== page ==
Next-Gen SEO (Next Generation): A Vital Source of Business Intelligence

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The phrase “SEO search engine optimization” involves some sort of manipulation of the search engine’s algorithm to achieve higher placement than it would otherwise. It’s harder to do nowadays because Google, Bing, Yandex, Baidu and the others have refined their algorithms to such an extent that simple and obvious tricks.

Instead, ranking high today is more and more about understanding the market and the customer so that your business’ online content meets people’s search queries better than anyone else. Far from reducing the value of SEO, it underscores how its goal is to provide market information – very useful information for the entire business.

Searching as an Expression Of Demand

When people search, they are expressing a request, whether they are researching or making a purchase online, whether they are looking for information on a topic that interests them, whether they are looking for a specific website, or whether they are looking for a specific website or making a purchase online. they need a route to a physical store. Analyzing this demand provides important clues not only to drive the creation of premium content, but also to make business decisions such as optimizing product offerings, inventory, and merchandising.


Hundreds of millions of people enter billions of search terms daily, not only in search engines, but also in sources such as Amazon, Facebook and YouTube. By aggregating this data and analyzing it against your own market, you can extract a wealth of information.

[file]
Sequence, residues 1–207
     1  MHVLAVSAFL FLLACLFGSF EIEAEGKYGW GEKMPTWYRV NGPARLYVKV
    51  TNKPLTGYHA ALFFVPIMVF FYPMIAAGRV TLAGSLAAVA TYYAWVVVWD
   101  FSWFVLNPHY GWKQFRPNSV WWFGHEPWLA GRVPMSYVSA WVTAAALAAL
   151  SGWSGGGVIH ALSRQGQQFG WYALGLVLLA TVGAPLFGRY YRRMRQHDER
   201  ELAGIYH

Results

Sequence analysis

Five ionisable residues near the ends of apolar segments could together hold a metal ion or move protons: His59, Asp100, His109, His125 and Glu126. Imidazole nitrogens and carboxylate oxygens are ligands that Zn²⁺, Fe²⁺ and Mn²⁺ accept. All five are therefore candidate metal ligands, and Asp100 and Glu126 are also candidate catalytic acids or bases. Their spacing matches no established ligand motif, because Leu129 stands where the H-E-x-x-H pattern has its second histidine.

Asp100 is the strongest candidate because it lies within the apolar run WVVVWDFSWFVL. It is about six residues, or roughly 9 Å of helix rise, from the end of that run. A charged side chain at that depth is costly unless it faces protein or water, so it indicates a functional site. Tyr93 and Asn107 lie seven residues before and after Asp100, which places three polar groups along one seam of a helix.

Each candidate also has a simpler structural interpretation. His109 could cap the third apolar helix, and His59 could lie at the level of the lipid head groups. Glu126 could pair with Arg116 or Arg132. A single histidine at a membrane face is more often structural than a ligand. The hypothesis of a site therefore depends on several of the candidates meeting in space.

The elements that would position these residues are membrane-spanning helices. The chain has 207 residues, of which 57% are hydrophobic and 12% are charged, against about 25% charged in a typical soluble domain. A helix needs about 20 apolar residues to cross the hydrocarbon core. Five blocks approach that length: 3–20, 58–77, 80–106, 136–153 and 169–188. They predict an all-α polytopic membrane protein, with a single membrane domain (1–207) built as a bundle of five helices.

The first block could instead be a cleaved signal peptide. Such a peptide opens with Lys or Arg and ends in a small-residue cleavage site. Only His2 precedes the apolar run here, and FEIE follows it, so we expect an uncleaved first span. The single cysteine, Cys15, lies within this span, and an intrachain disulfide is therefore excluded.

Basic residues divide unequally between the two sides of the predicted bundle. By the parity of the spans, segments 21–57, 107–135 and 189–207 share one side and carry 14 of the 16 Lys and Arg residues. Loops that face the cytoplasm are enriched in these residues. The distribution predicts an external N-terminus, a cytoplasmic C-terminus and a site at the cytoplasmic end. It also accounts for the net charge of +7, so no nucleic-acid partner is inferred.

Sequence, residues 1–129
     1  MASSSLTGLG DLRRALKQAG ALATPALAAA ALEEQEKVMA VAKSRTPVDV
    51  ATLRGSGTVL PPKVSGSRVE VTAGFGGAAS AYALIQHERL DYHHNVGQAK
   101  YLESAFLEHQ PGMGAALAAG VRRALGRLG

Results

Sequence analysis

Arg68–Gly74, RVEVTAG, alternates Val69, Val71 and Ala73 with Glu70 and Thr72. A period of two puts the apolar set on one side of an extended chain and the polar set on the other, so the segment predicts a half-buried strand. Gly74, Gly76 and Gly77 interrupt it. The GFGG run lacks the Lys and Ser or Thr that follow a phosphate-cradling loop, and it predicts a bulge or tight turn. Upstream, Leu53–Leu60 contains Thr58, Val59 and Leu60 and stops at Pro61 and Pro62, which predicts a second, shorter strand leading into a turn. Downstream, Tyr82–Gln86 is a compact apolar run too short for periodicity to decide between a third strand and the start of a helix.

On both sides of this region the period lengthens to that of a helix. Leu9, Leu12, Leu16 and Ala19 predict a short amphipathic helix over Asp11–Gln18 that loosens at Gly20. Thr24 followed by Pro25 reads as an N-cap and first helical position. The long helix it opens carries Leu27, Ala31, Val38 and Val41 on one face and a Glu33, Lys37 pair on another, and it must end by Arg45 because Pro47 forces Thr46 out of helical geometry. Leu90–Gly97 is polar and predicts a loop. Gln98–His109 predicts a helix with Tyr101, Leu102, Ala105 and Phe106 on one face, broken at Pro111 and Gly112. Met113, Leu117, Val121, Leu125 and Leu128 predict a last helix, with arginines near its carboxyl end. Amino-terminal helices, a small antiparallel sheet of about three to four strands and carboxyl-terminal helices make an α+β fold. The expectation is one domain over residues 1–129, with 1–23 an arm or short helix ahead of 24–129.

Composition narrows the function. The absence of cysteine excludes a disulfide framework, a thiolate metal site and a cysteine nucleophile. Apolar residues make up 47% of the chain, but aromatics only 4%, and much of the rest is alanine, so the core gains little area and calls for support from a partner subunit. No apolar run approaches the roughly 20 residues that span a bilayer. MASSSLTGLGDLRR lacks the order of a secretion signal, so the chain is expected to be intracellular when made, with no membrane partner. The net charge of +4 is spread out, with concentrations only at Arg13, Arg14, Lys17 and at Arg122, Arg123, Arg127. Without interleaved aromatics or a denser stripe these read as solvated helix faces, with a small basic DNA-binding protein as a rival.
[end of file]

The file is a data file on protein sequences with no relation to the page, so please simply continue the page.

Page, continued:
At the start of the pandemic, for example, in the toys and games industry, searches for adult puzzles skyrocketed as locked-in consumers scoured the web for things to do. Our internal data indicates that requests for children’s jigsaw puzzles were leveling off, while those for 2,000-piece jigsaw puzzles for adults were twice as high as in 2019.


It’s not just search volumes that fluctuate. Today, about 15% of monthly searches are new, never used before. That’s because people have moved from typing unique keywords to typing (or pronouncing) more nuanced and complex phrases in search engines. For businesses, this means that you can focus much more on the specific wants and demands that people express during research.

Understanding Demand In Practice

It sounds pretty technical, so here’s a real-life example based on one of my personal passions: volleyball. If your business specializes in volleyball shoes, research experts can build a taxonomy of all the ways people search for your products, including the different types of searches and the words they use.


This can help you get a rough estimate or estimate of the level of potential demand in the market, distinguishing between transactional searches (when people search with the intention of making a purchase now) and those in which they are searching or seek information, possibly before a future transaction.

You can analyze the brands that people are looking for and the level of interest they arouse, not only the “big guns” like Nike and Adidas, but also the specialty suppliers that your business might be in direct competition with. It is possible to understand seasonality and geographic differences (when searches increase throughout the year and where), as well as the questions people ask and the characteristics they look for.

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